What about errors? What happens if a field that is supposed to be a 9-digit number isn’t? Maybe it contains a non-digit character, or it contains more than 9 digits. The encryption software should report an error. But if it doesn’t, maybe the encrypted output is not a 9-digit number, revealing that there was an error in the input. Maybe that’s a problem, maybe not. Depends on context.

Related: Data privacy consulting


Software quality: better in practice than in theory

Sir Tony Hoare

C. A. R. Hoare wrote an article How Did Software Get So Reliable Without Proof? in 1996 that still sounds contemporary for the most part.

In the 1980’s many believed that programs could not get much bigger unless we started using formal proof methods. The argument was that bugs are fairly common, and that each bug has the potential to bring a system down. Therefore the only way to build much larger systems was to rely on formal methods to catch bugs. And yet programs continued to get larger and formal methods never caught on. Hoare asks

Why have twenty years of pessimistic predictions been falsified?

Another twenty years later we can ask the same question. Systems have gotten far larger, and formal methods have not become common. Formal methods are used—more on that shortly—but have not become common.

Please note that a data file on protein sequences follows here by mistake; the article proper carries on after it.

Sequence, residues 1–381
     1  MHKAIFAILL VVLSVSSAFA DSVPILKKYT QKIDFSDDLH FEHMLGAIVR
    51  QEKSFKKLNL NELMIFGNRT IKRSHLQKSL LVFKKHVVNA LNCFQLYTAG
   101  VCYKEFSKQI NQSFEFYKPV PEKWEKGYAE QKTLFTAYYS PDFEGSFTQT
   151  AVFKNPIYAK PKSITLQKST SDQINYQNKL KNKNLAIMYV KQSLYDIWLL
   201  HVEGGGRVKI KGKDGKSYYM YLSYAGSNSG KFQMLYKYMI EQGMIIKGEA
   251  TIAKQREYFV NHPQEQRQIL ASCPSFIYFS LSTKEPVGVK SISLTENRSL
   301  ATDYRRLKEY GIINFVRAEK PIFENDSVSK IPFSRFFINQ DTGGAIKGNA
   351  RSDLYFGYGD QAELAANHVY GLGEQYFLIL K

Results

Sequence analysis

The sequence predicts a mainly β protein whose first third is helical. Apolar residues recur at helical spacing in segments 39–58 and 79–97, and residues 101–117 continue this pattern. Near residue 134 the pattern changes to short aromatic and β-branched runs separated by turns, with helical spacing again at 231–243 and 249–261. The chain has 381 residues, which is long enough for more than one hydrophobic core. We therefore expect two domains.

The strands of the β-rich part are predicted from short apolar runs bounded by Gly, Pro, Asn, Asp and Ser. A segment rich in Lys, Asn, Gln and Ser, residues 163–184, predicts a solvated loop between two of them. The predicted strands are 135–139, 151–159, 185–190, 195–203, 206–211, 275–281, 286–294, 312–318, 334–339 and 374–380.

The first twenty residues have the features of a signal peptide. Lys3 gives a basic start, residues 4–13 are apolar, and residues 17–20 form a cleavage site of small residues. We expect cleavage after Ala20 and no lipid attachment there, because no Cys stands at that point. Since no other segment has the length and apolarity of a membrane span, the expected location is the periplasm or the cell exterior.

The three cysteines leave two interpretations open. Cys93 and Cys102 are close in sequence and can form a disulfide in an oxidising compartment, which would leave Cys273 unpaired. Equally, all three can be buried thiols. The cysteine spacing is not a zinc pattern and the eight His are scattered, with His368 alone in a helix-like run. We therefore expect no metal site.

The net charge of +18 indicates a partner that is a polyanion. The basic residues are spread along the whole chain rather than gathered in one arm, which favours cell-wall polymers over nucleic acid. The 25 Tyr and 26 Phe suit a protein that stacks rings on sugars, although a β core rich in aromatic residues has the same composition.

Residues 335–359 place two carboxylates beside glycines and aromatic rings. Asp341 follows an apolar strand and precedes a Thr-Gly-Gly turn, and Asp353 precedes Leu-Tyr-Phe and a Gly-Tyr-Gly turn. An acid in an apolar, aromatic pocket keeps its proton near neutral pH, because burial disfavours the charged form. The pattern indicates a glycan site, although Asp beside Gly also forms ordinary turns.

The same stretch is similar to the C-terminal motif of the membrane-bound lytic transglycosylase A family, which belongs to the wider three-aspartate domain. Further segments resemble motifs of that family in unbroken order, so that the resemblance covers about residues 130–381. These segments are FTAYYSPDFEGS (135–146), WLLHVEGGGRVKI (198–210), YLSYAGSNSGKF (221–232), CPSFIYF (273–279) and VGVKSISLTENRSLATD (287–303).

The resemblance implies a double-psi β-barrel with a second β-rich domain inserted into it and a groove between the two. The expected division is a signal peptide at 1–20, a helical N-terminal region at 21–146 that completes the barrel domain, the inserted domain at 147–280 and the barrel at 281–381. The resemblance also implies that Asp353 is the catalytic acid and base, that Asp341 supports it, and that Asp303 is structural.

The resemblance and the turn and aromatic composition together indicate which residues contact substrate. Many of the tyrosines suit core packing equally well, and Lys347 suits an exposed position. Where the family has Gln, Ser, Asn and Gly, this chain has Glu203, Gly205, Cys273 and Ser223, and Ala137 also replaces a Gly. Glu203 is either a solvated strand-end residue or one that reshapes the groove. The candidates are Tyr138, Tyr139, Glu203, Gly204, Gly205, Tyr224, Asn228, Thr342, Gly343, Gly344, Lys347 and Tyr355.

Better in practice than in theory

It’s interesting that Hoare was the one to write this paper. He is best known for the quicksort, a sorting algorithm that works better in practice than in theory! Quicksort is commonly used in practice, even though has terrible worst-case efficiency, because its average efficiency has optimal asymptotic order [1], and in practice it works better than other algorithms with the same asymptotic order.

Economic considerations

It is logically possible that the smallest bug could bring down a system. And there have been examples, such as the Mars Climate Orbiter, where a single bug did in fact lead to complete failure. But this is rare. Most bugs are inconsequential.

Some will object “How can you be so blasé about bugs? A bug crashed a $300 million probe!” But what is the realistic alternative? Would spending an additional billion dollars on formal software verification have prevented the crash? Possibly, though not certainly, and the same money could send three more missions to Mars. (More along these lines here.)